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Hamlet begins this soliloquy with a question about whether or not he should kill himself. However, by the end of the speech he does not believe he is capable of this action. At first, he longs for death. He says:
"To die, to sleep—
No more—and by a sleep to say we end
The heartache, and the thousand natural shocks
That flesh is heir to. 'tis a consummation(70)
Devoutly to be wish'd.
However, as the speech continues, he questions the consequences of self-destruction because he does not know why lies beyond death and therefore fears it. He calls death:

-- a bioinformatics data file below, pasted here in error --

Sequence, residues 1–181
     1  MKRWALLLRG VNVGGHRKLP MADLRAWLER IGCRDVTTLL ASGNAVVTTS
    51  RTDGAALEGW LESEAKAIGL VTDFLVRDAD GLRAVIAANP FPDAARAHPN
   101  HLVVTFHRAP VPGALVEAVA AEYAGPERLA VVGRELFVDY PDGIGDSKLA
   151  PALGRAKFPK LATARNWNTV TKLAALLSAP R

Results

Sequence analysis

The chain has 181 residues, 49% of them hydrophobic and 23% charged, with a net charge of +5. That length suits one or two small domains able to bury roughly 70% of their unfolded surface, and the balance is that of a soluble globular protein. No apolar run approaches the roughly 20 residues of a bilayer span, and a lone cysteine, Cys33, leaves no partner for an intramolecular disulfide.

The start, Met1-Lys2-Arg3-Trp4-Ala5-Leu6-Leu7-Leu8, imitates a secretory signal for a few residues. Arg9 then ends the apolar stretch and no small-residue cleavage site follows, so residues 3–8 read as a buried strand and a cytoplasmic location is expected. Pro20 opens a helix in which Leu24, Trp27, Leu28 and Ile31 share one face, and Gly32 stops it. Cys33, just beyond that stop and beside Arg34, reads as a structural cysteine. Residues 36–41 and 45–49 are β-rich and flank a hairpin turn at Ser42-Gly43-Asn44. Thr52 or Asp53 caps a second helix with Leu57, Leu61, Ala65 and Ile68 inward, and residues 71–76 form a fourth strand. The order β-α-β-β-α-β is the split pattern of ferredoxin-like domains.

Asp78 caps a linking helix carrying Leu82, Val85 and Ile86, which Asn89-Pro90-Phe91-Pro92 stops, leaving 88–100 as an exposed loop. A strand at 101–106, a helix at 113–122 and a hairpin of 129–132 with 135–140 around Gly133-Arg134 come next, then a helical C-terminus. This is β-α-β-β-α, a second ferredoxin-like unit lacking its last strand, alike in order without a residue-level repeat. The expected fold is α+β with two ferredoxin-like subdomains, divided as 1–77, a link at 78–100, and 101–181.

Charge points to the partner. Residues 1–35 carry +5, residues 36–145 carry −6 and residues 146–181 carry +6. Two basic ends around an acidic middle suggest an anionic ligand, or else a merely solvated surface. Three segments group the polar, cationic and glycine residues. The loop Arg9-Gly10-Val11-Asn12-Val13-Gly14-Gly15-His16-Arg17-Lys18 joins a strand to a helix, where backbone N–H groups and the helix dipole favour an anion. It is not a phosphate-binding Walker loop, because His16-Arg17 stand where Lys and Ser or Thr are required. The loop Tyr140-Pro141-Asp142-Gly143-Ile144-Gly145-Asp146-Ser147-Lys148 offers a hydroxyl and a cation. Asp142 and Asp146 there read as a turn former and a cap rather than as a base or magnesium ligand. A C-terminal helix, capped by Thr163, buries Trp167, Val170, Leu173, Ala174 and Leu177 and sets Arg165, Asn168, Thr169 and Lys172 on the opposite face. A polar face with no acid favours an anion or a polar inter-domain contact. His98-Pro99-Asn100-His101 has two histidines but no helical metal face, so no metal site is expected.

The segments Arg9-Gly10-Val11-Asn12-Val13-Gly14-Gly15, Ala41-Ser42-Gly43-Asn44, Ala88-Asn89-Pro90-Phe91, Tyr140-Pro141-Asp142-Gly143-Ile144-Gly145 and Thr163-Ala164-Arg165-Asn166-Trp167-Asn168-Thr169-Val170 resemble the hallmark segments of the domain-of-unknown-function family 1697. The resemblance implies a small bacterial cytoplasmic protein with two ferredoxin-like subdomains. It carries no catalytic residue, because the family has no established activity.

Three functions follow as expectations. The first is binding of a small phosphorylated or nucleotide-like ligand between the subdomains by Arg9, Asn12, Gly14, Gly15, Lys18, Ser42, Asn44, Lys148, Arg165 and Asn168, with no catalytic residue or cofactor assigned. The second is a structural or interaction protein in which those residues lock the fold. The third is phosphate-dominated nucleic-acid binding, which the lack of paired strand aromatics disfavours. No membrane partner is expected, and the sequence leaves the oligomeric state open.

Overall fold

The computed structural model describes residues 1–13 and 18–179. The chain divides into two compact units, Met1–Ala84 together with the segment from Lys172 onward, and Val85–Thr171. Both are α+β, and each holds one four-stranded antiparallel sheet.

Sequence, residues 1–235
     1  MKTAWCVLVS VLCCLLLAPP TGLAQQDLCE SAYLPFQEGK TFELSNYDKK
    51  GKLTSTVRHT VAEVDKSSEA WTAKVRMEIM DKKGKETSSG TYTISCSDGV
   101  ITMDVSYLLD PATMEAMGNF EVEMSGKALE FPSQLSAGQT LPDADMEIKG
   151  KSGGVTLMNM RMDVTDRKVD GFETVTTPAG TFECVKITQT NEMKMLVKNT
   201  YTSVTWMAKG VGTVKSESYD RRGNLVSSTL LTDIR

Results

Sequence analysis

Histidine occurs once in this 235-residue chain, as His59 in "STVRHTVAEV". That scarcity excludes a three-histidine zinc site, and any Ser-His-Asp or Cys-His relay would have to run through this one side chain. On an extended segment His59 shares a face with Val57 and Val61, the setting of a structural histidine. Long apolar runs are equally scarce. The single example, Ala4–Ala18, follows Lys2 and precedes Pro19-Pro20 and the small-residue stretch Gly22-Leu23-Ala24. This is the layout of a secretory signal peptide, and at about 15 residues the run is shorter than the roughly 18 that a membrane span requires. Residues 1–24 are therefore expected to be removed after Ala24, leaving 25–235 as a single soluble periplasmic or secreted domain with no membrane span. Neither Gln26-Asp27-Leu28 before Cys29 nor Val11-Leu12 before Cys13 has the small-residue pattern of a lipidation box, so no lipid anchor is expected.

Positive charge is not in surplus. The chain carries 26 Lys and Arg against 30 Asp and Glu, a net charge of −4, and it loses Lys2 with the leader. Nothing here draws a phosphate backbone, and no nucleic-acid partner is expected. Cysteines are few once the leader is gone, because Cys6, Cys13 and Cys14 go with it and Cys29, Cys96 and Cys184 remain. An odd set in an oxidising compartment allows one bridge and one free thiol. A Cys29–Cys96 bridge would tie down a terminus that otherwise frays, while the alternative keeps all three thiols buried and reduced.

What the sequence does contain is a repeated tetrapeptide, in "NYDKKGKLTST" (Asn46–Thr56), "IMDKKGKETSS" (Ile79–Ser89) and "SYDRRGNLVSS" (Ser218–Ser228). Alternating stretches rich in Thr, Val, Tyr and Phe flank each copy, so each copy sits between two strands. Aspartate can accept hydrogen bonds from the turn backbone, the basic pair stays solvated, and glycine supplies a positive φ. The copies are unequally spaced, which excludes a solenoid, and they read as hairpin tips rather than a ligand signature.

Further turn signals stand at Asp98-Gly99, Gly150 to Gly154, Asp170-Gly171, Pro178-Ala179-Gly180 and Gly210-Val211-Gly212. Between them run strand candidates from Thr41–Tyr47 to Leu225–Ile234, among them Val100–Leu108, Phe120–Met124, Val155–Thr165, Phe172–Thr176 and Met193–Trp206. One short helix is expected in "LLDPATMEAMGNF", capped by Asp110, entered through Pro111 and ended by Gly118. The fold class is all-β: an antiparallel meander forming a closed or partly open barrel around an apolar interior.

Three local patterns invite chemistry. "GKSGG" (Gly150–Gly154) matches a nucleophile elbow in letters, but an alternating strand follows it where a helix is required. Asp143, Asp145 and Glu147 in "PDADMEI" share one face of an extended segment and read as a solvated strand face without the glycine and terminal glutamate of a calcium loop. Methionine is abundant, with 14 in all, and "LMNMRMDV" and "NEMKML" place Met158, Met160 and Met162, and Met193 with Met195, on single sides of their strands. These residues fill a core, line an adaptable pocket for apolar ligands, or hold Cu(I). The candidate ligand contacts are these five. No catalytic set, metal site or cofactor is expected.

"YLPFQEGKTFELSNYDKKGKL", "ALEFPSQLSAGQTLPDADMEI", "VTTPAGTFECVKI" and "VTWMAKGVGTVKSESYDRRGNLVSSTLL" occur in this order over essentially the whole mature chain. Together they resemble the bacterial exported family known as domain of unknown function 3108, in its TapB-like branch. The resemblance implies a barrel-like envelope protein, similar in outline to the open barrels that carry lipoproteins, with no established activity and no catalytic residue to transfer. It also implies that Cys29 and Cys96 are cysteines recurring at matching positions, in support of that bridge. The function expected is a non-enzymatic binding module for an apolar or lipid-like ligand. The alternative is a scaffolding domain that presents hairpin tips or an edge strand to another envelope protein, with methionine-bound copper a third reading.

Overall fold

"The undiscover'd country, from whose bourn
No traveller returns
Hamlet concludes that, even though he would like to die and rid himself of both his sadness and the burden of revenge for his father's death, he cannot kill himself because the consequence of that act might be worse than living in this world. Instead, he must:
..."rather bear those ills we have
Than fly to others that we know not of"
He is saddened by the idea that he cannot kill himself, and just before Ophelia arrives, he notes that
".. conscience does make cowards of us all"
and that because of his fear of death and its consequences he has lost the strength to kill himself which he calls
"the name of action".
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